The judge held that Arkansas’ law violated the Fourteenth Amendment’s equal protection clause – which ensures laws are applied equally regardless of social characteristics like race or gender – because the law discriminated on the basis of sex.

Arkansas claimed its law was passed in order to protect children and to safeguard medical ethics. The judge agreed that these were legitimate state interests, but rejected Arkansas’ claim that its law furthered those ends.

The judge also held that Arkansas’ law violated the First Amendment free speech rights of medical care providers because the law would have prevented them from providing referrals for gender transition medical treatment.

During June 2023, federal judges in Florida and Indiana granted temporary injunctions against enforcement of similar state laws. This means that these laws cannot be enforced until a full trial is conducted – and only if that trial results in a ruling that these laws are constitutional.

A protester inside the Indiana Statehouse advocating against passage of a bill banning gender transition procedures for minors.
A protester inside the Indiana Statehouse advocating against passage of a bill banning gender transition procedures for minors. Jeremy Hogan/SOPA Images/LightRocket via Getty Images

Free speech for the LGBTQ community

In striking down these unconstitutional state laws on First Amendment grounds, many judges went out of their way to reinforce the point that freedom of speech protects views about sexual orientation and gender identity that may be unpopular in conservative areas.

In his ruling on the St. George, Utah case, U.S. District Judge David Nuffer stressed that “Public spaces are public spaces. Public spaces are not private spaces. Public spaces are not majority spaces. The First Amendment of the United States Constitution ensures that all citizens, popular or not, majority or minority, conventional or unconventional, have access to public spaces for public expression.”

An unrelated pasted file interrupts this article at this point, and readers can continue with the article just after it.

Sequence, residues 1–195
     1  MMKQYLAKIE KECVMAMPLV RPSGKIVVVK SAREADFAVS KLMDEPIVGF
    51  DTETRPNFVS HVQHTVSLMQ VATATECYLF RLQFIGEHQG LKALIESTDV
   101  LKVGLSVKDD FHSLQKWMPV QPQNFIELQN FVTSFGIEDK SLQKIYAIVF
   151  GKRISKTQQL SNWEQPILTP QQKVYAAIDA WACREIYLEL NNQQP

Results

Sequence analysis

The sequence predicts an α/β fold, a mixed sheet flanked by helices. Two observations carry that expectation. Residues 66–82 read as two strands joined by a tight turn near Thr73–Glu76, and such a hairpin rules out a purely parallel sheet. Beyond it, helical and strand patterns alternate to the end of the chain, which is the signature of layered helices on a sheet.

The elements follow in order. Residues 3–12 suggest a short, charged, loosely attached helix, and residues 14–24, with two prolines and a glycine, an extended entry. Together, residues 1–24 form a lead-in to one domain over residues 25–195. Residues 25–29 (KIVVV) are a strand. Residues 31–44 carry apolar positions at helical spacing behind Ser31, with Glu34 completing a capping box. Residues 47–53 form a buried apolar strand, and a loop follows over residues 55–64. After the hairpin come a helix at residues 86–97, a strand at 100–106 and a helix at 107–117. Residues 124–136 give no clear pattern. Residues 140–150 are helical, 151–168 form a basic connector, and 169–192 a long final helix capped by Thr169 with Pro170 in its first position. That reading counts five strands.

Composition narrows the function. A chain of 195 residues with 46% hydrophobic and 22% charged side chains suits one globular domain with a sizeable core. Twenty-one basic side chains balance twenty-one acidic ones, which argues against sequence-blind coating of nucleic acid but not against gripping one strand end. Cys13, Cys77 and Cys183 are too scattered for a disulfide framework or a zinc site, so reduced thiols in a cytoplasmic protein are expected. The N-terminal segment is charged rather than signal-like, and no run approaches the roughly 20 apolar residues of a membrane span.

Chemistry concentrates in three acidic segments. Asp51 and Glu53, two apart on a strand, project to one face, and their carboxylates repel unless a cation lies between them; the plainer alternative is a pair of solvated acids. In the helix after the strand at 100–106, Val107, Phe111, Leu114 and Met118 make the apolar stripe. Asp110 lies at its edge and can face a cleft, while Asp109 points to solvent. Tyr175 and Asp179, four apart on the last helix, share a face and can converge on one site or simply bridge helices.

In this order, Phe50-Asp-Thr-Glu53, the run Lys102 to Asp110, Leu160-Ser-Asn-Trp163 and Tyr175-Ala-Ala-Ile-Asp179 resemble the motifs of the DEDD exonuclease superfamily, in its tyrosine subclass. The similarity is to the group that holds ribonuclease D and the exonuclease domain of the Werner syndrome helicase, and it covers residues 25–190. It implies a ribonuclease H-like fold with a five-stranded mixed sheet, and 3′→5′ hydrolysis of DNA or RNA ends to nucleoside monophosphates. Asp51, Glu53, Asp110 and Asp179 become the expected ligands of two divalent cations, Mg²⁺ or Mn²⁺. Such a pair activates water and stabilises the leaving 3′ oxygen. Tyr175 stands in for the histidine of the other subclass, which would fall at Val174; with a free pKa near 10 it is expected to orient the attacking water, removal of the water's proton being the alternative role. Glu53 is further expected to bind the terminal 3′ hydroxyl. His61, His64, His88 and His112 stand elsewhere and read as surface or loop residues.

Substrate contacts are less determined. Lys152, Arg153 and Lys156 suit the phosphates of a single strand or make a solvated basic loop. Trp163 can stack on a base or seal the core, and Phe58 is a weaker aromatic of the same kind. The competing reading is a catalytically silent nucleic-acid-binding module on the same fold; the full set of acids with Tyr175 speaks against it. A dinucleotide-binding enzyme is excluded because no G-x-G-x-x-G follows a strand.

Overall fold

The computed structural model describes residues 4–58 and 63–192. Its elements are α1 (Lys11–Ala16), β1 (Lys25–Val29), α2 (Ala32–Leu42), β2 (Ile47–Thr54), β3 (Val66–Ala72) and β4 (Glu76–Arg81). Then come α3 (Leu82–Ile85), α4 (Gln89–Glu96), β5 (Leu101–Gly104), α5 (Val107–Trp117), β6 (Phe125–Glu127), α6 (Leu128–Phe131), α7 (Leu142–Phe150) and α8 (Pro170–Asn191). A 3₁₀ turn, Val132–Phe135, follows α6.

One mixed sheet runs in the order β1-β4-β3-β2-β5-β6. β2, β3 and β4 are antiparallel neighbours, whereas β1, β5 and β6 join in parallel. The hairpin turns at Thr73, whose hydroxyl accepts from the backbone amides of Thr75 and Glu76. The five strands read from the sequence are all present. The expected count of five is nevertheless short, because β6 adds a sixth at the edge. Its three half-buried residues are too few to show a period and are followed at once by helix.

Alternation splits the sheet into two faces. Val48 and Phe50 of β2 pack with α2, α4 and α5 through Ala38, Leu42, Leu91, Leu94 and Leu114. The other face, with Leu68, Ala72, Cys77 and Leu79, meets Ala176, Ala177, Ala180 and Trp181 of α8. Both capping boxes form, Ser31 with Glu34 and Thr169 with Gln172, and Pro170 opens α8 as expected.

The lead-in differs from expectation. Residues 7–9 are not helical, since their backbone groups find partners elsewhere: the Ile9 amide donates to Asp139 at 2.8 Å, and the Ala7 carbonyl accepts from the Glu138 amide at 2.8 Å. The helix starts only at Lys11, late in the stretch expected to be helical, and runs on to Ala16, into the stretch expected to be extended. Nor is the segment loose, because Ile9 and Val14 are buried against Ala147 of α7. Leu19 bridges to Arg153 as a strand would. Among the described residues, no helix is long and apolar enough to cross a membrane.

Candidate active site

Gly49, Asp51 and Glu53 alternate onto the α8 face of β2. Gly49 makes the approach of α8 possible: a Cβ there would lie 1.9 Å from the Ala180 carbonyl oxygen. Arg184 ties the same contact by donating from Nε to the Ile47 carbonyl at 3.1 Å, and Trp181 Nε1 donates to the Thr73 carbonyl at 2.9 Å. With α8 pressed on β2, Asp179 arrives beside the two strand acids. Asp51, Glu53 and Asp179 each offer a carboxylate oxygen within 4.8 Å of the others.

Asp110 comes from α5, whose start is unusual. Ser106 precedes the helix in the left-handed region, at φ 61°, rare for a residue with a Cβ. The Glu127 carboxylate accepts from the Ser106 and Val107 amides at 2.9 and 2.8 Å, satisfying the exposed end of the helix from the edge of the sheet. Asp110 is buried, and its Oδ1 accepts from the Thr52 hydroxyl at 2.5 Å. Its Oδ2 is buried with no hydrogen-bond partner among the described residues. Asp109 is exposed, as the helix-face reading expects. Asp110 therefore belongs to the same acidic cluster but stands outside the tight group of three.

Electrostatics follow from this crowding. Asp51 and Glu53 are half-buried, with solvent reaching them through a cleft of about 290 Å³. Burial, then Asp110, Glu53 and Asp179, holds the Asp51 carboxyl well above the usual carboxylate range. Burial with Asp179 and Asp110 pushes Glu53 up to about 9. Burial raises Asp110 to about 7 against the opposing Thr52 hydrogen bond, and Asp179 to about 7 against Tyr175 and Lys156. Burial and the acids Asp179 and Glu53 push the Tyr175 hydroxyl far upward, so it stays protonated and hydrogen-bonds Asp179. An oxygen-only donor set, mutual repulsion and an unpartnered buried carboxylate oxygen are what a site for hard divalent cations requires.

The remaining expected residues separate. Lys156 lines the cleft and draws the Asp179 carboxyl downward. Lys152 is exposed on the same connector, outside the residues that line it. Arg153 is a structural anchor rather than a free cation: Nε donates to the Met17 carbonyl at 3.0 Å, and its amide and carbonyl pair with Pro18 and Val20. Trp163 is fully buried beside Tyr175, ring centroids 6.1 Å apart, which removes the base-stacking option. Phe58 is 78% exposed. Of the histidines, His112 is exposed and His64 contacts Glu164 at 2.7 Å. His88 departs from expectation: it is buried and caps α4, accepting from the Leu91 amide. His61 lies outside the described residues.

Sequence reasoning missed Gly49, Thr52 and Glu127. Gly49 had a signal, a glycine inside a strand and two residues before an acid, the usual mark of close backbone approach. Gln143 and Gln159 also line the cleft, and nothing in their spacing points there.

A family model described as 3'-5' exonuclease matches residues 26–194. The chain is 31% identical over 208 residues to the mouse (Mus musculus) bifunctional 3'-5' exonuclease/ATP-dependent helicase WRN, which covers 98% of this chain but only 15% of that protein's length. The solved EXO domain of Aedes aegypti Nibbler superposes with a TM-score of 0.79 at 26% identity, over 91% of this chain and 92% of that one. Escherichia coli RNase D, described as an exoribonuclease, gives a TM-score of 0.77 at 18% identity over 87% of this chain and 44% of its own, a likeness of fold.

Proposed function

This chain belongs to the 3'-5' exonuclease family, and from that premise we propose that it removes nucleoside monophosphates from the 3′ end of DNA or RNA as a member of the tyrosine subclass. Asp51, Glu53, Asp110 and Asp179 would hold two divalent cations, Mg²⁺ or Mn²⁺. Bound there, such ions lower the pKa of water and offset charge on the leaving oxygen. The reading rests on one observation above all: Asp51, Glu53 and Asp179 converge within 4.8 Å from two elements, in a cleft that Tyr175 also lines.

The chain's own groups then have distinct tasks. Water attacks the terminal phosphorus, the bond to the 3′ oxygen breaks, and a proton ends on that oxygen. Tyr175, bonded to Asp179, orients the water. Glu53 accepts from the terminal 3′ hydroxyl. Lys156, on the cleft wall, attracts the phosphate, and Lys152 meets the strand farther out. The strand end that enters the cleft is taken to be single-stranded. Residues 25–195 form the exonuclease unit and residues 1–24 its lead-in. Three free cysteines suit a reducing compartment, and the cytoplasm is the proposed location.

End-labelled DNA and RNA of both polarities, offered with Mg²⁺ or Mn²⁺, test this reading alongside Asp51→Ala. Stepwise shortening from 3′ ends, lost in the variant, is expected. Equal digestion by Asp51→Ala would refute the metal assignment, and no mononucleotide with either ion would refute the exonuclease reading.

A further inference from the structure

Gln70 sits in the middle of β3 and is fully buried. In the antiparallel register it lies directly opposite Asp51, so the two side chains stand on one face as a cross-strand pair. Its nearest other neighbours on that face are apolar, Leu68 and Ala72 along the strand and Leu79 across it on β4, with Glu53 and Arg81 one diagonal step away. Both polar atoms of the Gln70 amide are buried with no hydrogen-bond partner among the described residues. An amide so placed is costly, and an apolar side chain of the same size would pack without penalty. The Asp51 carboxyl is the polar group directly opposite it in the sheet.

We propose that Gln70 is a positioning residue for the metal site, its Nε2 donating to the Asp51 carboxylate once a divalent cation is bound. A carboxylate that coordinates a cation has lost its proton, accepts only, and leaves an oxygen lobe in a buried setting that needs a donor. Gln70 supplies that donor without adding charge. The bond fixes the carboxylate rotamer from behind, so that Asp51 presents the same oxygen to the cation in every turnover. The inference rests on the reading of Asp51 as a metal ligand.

Nuffer also noted that “Public officials and the city governments in which they serve are trustees of constitutional rights for all citizens.” Protecting the constitutional rights of all citizens includes protecting the constitutional rights of members of the LGBTQ community and of other gender-nonconforming people.

Free speech rights also extend to those who want to use speech in order to help promote the well-being of LGBTQ people. In ruling that Arkansas’ law violated the First Amendment, Judge Jay Moody stated that the state law “prevents doctors from informing their patients where gender transition treatment may be available” and that it “effectively bans their ability to speak to patients about these treatments because the physician is not allowed to tell their patient where it is available.” For this reason, he held that the law violated the First Amendment.

As additional anti-LGBTQ state laws are challenged in court, judges are likely to continue to use the First Amendment to show how such laws fail to respect Americans’ fundamental free speech rights.

Want to write?

Write an article and join a growing community of more than 178,800 academics and researchers from 4,893 institutions.

Register now